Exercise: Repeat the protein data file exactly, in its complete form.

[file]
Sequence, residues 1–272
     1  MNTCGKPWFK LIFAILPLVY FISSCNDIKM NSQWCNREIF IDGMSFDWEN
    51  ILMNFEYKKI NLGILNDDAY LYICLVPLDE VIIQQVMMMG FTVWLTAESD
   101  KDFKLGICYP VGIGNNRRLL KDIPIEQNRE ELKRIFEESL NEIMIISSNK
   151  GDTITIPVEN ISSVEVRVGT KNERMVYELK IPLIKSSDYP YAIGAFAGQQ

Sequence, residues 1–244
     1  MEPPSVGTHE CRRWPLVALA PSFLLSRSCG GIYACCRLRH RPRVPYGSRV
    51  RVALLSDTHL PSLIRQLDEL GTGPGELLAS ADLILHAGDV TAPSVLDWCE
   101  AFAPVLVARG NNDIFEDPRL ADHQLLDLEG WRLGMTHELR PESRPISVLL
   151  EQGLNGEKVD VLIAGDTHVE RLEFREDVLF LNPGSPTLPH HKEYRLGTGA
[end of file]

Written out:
Sequence, residues 1–272
     1  MNTCGKPWFK LIFAILPLVY FISSCNDIKM NSQWCNREIF IDGMSFDWEN
    51  ILMNFEYKKI NLGILNDDAY LYICLVPLDE VIIQQVMMMG FTVWLTAESD
   101  KDFKLGICYP VGIGNNRRLL KDIPIEQNRE ELKRIFEESL NEIMIISSNK
   151  GDTITIPVEN ISSVEVRVGT KNERMVYELK IPLIKSSDYP YAIGAFAGQQ

Sequence, residues 1–244
     1  MEPPSVGTHE CRRWPLVALA PSFLLSRSCG GIYACCRLRH RPRVPYGSRV
    51  RVALLSDTHL PSLIRQLDEL GTGPGELLAS ADLILHAGDV TAPSVLDWCE
   101  AFAPVLVARG NNDIFEDPRL ADHQLLDLEG WRLGMTHELR PESRPISVLL
   151  EQGLNGEKVD VLIAGDTHVE RLEFREDVLF LNPGSPTLPH HKEYRLGTGA